will be involved with or will support the research.
      If any American Indian community is involved, its
      tribal government must also approve that portion of
      the project applicable to it. Unless the grantee holds
      a Multiple Project Assurance, a Single Project
      Assurance is required, as well as an assurance for each
      subcontractor or cooperating institution that
      has immediate responsibility for human subjects. The
      Office of Human Research Protections (OHRP)
      negotiates assurances for all activities involving
      human subjects that are supported by the Department
      of Health and Human Services (Additional information is
      available at
      http://ohrp.osophs.dhhs.gov/index.htm).

      ANIMAL SUBJECTS REQUIREMENTS

      If the proposed project involves research on animal
      subjects, compliance with the PHS Policy on
      Humane Care and Use of Laboratory Animals by Awardee
      Institutions is required. An applicant (as
      well as each subcontractor or cooperating institution
      that has immediate responsibility for animal
      subjects) proposing to use vertebrate animals in
      CDC-supported activities must file (or have on file) the
      Animal Welfare Assurance with the Office of Laboratory
      Animal Welfare (OLAW) at the National
      Institutes of Health. The applicant must provide in the
      application the assurance of compliance number
      and evidence of review and approval (including the date
      of the most recent approval) by the Institutional
      Care and Use Committee (IACUC).

      INCLUSION OF WOMEN AND MINORITIES IN RESEARCH INVOLVING
      HUMAN SUBJECTS

      It is the policy of the CDC to ensure that individuals
      of both sexes and the various racial and ethnic
      groups will be included in supported research projects
      involving human subjects, whenever feasible
      and appropriate. Racial and ethnic groups are those
      defined in OMB Directive No. 15 and include
      American Indian or Alaska Native, Asian, Black or
      African American, Hispanic or Latino, Native
      Hawaiian or Other Pacific Islander. Applicants shall
      ensure that women, racial and ethnic minority
      populations are appropriately represented in
      applications for research involving human subjects. Where
      clear and compelling rationale exist that inclusion is
      inappropriate or not feasible, this situation must
      be explained as part of the application. This policy
      does not apply to research studies when the
      investigator cannot control the race, ethnicity, and/or
      sex of subjects. Further guidance to this policy
      is contained in the Federal Register, Vol. 60, No. 179,
      pages 47947-47951, and dated Friday,
      September 15, 1995.

      All investigators proposing research involving human
      subjects should read the UPDATED NIH
      Guidelines For Inclusion of Women and Minorities as
      Subjects in Clinical Research, published in the
      NIH Guide for Grants and Contracts on August 2, 2000

      (http://grants.nih.gov/grants/guide/notice-files/NOT-OD-00-048.html); a
      complete copy of the updated
      Guidelines are available at
      http://grants.nih.gov/grants/funding/women_min/guidelines_update.htm.

      URLS IN NIOSH GRANT APPLICATIONS OR APPENDICES

      All applications must be self-contained within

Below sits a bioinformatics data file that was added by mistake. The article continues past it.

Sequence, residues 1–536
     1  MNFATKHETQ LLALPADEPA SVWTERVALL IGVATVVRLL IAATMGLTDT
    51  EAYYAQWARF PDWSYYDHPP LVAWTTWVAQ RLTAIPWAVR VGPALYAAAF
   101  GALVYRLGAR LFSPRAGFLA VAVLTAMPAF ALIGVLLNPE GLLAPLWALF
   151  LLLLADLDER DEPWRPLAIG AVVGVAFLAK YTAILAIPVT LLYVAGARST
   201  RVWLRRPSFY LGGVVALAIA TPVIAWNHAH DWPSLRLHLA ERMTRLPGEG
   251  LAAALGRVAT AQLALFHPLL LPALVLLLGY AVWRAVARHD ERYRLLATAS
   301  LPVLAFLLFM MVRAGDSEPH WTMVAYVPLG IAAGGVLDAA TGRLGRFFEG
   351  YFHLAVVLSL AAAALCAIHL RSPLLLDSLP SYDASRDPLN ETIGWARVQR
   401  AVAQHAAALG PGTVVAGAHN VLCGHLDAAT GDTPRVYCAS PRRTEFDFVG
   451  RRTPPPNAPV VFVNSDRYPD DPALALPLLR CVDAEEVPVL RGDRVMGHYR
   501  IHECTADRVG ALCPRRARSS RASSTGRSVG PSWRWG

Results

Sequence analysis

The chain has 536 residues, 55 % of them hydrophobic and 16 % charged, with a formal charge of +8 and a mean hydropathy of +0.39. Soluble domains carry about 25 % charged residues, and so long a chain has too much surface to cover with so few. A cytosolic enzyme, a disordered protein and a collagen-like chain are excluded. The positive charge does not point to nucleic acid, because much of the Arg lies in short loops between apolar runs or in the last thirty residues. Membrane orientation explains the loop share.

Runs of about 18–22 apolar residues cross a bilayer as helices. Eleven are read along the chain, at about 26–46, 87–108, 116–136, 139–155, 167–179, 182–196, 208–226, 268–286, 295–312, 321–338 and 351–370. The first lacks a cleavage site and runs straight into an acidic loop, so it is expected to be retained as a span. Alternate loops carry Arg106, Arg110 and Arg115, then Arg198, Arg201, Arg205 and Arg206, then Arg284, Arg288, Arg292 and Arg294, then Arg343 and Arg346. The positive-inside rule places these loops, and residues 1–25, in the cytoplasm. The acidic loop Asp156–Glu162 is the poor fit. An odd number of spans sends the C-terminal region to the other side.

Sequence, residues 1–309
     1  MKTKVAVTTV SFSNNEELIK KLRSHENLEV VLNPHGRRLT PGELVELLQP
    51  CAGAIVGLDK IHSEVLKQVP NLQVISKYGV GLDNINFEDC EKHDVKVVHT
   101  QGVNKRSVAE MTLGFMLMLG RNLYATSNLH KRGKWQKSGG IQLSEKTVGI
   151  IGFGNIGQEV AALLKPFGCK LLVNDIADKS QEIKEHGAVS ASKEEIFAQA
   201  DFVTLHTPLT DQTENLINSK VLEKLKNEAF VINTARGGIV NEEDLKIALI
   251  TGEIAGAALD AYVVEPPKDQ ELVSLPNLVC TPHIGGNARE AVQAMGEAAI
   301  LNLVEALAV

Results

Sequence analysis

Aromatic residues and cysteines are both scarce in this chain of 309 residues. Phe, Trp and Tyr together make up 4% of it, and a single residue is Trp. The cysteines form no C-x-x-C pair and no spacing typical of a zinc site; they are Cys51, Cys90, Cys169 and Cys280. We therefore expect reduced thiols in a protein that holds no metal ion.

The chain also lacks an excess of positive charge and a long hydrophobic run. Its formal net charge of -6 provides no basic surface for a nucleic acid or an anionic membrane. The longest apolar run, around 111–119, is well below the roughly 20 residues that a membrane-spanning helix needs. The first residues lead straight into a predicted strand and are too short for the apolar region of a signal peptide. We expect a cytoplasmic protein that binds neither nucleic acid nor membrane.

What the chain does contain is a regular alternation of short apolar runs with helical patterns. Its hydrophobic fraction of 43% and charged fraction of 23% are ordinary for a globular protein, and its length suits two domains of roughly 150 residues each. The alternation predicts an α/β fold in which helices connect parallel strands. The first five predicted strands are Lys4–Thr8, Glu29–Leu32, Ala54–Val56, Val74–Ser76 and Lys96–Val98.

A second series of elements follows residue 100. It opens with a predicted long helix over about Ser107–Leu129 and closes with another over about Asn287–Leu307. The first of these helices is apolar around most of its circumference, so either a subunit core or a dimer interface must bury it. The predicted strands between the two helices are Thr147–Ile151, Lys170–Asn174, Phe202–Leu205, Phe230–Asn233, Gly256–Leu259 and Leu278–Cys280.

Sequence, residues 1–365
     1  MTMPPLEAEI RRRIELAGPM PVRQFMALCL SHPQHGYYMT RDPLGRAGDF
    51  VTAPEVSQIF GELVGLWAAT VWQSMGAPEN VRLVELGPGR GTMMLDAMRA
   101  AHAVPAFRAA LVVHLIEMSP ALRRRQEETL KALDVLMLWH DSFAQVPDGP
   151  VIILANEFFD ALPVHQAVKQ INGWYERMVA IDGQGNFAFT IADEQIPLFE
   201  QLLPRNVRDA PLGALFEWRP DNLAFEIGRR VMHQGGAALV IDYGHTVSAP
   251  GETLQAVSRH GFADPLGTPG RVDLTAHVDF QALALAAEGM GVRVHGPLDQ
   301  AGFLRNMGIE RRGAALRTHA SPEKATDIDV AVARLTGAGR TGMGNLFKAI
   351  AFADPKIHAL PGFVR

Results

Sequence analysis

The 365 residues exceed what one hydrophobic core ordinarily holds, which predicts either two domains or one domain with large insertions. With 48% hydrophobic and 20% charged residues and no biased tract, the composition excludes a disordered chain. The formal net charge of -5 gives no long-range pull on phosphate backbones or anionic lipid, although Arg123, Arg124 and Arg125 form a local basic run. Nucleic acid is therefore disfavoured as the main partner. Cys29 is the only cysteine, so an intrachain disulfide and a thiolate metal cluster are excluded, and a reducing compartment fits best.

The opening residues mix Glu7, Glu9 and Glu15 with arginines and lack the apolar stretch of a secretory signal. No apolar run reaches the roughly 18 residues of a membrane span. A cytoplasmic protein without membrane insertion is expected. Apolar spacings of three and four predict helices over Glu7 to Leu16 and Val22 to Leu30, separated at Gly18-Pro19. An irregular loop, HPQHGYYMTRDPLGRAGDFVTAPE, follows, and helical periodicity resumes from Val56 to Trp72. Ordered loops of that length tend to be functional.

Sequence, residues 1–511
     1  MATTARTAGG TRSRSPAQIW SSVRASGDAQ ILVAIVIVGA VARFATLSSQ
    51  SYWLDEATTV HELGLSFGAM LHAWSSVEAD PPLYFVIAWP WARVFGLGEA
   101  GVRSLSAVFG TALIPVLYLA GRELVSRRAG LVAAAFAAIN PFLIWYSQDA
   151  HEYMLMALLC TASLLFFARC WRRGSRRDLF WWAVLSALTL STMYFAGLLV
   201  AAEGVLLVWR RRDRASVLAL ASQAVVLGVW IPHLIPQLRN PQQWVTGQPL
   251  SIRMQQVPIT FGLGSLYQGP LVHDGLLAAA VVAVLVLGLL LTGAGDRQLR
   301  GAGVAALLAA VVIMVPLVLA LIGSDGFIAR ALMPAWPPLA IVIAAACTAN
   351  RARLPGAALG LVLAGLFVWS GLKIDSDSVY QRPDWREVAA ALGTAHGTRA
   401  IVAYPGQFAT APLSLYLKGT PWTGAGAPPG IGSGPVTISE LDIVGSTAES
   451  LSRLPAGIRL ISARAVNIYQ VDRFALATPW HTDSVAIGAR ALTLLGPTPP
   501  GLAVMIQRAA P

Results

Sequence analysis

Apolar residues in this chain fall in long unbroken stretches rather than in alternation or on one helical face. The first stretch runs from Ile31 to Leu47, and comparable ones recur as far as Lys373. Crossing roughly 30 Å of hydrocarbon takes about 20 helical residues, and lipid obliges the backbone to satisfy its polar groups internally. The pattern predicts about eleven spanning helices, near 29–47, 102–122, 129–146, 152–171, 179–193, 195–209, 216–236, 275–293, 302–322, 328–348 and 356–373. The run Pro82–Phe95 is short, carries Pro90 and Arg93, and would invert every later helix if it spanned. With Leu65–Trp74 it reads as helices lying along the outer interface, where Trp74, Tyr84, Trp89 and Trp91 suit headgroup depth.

specified page limitations. Unless otherwise specified,
      internet addresses (URLs) should not be used to provide
      information necessary to the review because
      reviewers are under no obligation to view the Internet
      sites. Reviewers are cautioned that their
      anonymity may be comprised when they directly access an
      Internet site.

      LETTER OF INTENT

      Prospective applicants are asked to submit, by February
      2, 2001, a letter of intent that includes the
      number and title of the RFA, a descriptive title of the
      proposed research, the name, address, and
      telephone number of the Principal Investigator, and the
      identities of other key personnel and
      participating institutions. Although a letter of intent
      is not required, is not binding, and is not used in
      the review of an application, the information that it
      contains is used to estimate the potential review
      workload and avoid conflict of interest in the review.

      The letter of intent is to be submitted to:

      Price Connor, Ph.D.
      Office of Extramural Programs
      National Institute for Occupational Safety and Health
      Centers for Disease Control and Prevention (CDC)
      1600 Clifton Road, N.E.
      Building 1, Room 3070B, MS D-40
      Atlanta, GA 30333
      Telephone 404-639-2383; Fax 404-639-2196
      Email: spc3@...

      APPLICATION PROCEDURES

      Applicants must use Form PHS 398 (rev. 4/98).
      Application kits are available at most institutional
      offices of sponsored research and may be obtained from
      the Division of Extramural Outreach and
      Information Resources, National Institutes of Health,
      6701 Rockledge Drive, MSC 7910, Bethesda, MD
      20892-7910, telephone 301/435-0714, Email:
      grantsinfo@.... Application kits are also available at:
      http://www.nih.gov/grants/forms.htm.

      The RFA label available in the PHS 398 (rev. 4/98)
      application form must be affixed to the bottom of
      the face page of the application. Failure to use this
      label could result in delayed processing of the
      application such that it may not reach the review
      committee in time for review. In addition, the RFA
      title and number must be typed on line 2 of the face
      page of the application form and the YES box